Homeless Scotland 1st Dec 2016
Christmas Day, and a huge number of us will wake up in a warm home, anticipating a day of food, drink and fun filled festivities. However let’s spare a thought for those who are homeless; a growing tragedy in Scotland, and shameful for one of the world’s richest countries.
The Scottish Government Homelessness in Scotland: Annual Update 2015/2016 has revealed there were 34,662 homeless applications made between April 2015 – 2016. A further 65,000 households asked their local authority for help with their housing. Within this number are over 5000 children living in temporary accommodation. And outwith this are the hidden homeless who are sleeping rough, or if they are lucky, on a friend’s sofa.
Whilst the above number is a slight decrease of 4% on the previous year, Shelter Scotland, the housing and homelessness charity has called Scotland’s current level of homelessness a “national badge of shame”, and has accused both local and national government of not doing enough in recent years to address and prevent the issue.
Shelter Scotland has recently launched a campaign Homelessness: Far From Fixed, which makes the following demands of local and national government:
• A safe and affordable home for everyone
• Help available for everyone to keep or find a home
• A strong safety net to catch people if they lose their home
• That no-one should ever have to sleep rough on our streets
This campaign urges all of us, and our politicians, to sign up to its demands of government at both local and national level. Recent research by Shelter reveals that 75% of people in Scotland see homelessness as being a problem, and 54% agree the Scottish Government should do more to help.
There are many reasons for becoming homeless, especially in our current economic climate, where unemployment and debts can spiral. However 29% of all applications were as a result of relationship breakdowns, and 36% as a result of being asked to leave. There are a growing number of homeless people with complex needs which are not being supported.
Within the figures, we also need to consider the chronic housing crisis reflective of the demand/supply imbalance within Scotland. Demand for rental properties is still on the rise and not enough homes are being built – approximately 30,000 new builds a year are needed (last year only 16,270 properties were built in Scotland). More affordable homes need to be built to house the 150,000 families on council waiting lists but it is unlikely any of this will happen anytime soon. As a result, more and more people are being pushed into the Private Rented Sector, which is unaffordable for many.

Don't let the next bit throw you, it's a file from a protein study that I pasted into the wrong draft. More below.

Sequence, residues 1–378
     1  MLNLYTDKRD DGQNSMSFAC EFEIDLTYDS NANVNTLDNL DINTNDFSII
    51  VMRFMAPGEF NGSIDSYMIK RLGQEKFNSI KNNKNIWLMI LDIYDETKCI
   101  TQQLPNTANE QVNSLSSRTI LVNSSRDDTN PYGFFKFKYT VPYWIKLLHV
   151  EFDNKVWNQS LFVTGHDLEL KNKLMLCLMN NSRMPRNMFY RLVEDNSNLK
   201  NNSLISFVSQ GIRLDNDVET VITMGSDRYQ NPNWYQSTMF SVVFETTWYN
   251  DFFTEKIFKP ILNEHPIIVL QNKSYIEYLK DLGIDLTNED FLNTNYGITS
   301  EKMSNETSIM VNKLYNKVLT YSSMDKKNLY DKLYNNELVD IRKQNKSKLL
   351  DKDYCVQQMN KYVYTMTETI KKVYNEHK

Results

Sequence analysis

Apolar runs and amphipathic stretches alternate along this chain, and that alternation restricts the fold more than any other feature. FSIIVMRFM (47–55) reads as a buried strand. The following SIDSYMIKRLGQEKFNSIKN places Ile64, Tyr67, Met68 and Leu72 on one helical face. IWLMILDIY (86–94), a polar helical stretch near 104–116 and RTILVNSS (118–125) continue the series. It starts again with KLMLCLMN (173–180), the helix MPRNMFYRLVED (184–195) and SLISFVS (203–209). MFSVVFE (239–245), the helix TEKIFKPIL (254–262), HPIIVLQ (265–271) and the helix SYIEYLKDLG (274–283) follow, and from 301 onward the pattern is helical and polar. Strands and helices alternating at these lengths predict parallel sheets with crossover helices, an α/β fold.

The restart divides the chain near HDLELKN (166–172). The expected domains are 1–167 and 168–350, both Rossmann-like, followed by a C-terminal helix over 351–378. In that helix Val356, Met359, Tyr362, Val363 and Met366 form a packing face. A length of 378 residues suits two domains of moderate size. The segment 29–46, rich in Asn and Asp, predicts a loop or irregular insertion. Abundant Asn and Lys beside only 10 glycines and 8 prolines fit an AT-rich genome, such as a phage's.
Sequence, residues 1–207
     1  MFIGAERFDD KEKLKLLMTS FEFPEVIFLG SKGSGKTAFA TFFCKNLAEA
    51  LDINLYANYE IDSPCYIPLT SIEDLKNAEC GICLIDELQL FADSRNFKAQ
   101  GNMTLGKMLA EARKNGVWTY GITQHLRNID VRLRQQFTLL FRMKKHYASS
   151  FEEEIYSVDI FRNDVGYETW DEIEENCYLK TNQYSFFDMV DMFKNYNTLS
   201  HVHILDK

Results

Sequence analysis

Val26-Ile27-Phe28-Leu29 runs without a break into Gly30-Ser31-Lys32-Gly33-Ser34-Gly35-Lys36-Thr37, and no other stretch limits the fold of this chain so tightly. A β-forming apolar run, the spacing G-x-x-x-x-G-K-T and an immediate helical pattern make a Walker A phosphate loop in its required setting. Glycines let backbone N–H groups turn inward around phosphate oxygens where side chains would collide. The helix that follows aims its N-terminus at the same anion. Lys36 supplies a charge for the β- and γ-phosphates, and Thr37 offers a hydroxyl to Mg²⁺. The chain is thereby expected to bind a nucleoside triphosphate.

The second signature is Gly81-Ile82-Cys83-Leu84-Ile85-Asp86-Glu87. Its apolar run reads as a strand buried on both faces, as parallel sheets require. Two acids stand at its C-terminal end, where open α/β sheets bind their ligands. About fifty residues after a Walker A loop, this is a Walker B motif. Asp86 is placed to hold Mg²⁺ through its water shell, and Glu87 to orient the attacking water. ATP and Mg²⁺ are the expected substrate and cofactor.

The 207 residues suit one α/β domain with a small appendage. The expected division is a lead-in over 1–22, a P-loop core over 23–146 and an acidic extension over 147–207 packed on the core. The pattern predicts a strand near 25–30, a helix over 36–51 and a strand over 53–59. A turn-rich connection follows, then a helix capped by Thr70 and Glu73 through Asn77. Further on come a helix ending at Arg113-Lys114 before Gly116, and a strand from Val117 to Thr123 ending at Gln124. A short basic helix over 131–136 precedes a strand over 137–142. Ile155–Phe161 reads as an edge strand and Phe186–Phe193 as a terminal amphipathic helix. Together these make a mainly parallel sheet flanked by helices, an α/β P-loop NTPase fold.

Shelter’s Graeme Brown states, “Homelessness can happen to anyone. People become homeless through chance not choice. Our new “Far From Fixed” campaign aims to highlight that we still have a long way to go to end homelessness. We know that we have the policy leavers and powers in Scotland to build on our strong progress to date and make this happen, but do we have the political will? If we don’t then we are concerned that other policy priorities such as improving health, wellbeing and educational attainment will ultimately be undone if we cannot ensure that people have a home to live in. It is only by being bold and actually living up to our rhetoric and ambition of being a progressive and socially just nation that we can start to finally fix homelessness in Scotland.”
The continued impact of welfare reform within the UK threatens efforts to prevent homelessness, with housing benefit no longer being linked to local rents and restrictions and caps on support affecting many (Crisis, 2016). However tenants within the PRS do stand to benefit from increased security in the sector with the forthcoming changes in the Private Housing Tenancies Bill.
The Key Place has links with our local authority homeless teams and is able to take tenants depending on circumstance and landlord approval.
While tucking into your turkey or nut roast on 25th December, bear in mind how lucky you are. Your home is much more than just a living space. It gives you your sense of identity and connects you to society. Homelessness is isolating and destructive, leaving people feeling vulnerable and socially excluded. Scotland needs to do more to help people who find themselves homeless.
Further advice and information can be found by searching:
For those of you with twitter – for every person who tweets #TweetForShelter until December 4th, British Gas will donate £1 to Shelter - with the aim of raising £25,000.